with a tendency to be aggressive. That applies particularly to the immediate area of schools where
one should expect children to be present who would naturally participate in physically active

behaviors which could naturally activate aggressive behaviors in all dogs and _ particularly

 
Dobermans.

Appellant apparently argues that we erred for our use of the commonsense definition of the
phrase “severe injury” and not the legal definition of “severe injury” as that term is defined in the
Statute. When a party raises a claim involving the proper interpretation of the trial court’s
construction ofa statute, the determination of the issue is guided by the sound and settled principles
set forth in the Statutory Construction Act, including the primary maxim that the object of statutory
construction is to ascertain and effectuate legislative intent. 1 Pa.C.S. § 1921(a). In pursuing that
end, courts must be mindful that “[W]hen the words of a statute are clear and free from all
ambiguity, the letter of i is not to be disregarded under the pretext of pursuing its spirit.” 1 Pa.C.S.
§ 1921(b). When the words of a statute have a plain and unambiguous meaning, it is this meaning

which is the paramount indicator of legislative intent. Snyder Brothers, Inc. v. Pennsylvania Public

 

Utility Commission, 

198 A.3d 1056

(Pa. 2018). Only when the words of the statute are ambiguous
should a reviewing court seek to ascertain the intent of the General Assembly through
considerations of the various factors found in the Statutory Construction Act. Commonwealth v.
Walter, 

93 A.3d 442

, 450-51 (Pa. 2014). In construing a legislative enactment, we must ascertain
and give effect to legislative intention as expressed in language employed. Bonasi v. Board of

Adjustment of Haverford Tp., 

115 A.2d 225

, 226 (Pa. 1955); Commonwealth v. Gugliotta,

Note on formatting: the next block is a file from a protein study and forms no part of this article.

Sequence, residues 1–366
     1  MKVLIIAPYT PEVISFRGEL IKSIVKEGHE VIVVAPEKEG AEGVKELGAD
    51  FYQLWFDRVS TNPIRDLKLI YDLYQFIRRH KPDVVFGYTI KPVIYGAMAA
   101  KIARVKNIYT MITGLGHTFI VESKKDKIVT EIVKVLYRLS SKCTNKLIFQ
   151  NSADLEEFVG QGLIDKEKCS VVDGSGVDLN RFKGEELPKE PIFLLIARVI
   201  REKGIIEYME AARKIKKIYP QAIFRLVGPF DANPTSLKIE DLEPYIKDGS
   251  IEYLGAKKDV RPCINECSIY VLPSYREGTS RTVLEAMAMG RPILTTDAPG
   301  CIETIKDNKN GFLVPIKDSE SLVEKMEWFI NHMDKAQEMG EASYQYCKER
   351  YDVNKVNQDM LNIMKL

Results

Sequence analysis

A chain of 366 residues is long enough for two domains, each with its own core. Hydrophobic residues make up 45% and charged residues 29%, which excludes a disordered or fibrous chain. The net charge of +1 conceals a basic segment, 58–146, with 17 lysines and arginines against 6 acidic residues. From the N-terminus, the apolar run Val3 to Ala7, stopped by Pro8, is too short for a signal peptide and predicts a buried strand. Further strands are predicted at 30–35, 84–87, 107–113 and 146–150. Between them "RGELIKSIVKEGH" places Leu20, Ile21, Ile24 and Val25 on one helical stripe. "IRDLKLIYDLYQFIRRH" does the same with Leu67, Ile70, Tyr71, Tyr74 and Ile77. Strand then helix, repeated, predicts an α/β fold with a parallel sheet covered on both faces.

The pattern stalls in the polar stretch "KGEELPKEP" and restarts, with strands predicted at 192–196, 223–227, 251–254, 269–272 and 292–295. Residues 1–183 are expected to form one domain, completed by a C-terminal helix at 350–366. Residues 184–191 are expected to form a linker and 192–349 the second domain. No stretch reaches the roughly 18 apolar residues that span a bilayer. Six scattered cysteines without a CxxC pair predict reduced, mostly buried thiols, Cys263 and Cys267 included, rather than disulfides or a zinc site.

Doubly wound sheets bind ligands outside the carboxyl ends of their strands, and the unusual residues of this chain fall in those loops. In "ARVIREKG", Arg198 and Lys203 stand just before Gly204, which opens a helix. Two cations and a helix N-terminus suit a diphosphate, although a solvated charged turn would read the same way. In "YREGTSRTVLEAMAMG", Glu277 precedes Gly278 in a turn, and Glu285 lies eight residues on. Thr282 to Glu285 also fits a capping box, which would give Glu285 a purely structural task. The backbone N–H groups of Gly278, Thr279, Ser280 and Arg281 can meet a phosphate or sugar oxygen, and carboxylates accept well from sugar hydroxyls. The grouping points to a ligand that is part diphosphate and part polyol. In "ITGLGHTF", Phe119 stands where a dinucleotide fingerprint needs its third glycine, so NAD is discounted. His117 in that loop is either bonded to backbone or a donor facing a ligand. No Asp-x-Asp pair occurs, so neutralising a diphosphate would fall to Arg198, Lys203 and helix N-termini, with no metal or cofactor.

124 A.2d 466

, 467-68 (Pa. 1956). In determining the meaning of words in a statute, the primary object
is to ascertain and give effect to the intention of the Legislature. Howarth v. Gilman, 

65 A.2d 691

,
694 (Pa.Super. 1949), affirmed 

73 A.2d 655

; Commonwealth v. Chalfant, 

42 A.2d 587

, 589 (Pa.
1945). Under the Pennsylvania rules of statutory construction, courts are directed at all times to
seek to ascertain and effectuate the legislative intent underlying the enactment of a particular

statute. The goal in interpreting any statute is to ascertain and effectuate the intention of the
General Assembly while construing the statute in a manner that gives effect to all of its provisions.
Commonwealth y. L.C., 

199 A.3d 394

, 398 (Pa.Super. 2018). As a general rule, the best indication
of legislative intent is the plain language of a statute. In reading the plain language, “[w]ords and
phrases shall be construed according to rules of grammar and according to their common and
approved usage” while any words or phrases that have acquired a “peculiar and appropriate
meaning” must be construed according to that meaning. 1 Pa.C.S.1903(a). However, when
interpreting non-explicit statutory text, legislative intent may be gleaned from a variety of factors,
including, infer alia the occasion and necessity for the statute, the mischief to be remedied, the
object to be attained, the consequences of a particular interpretation and the contemporaneous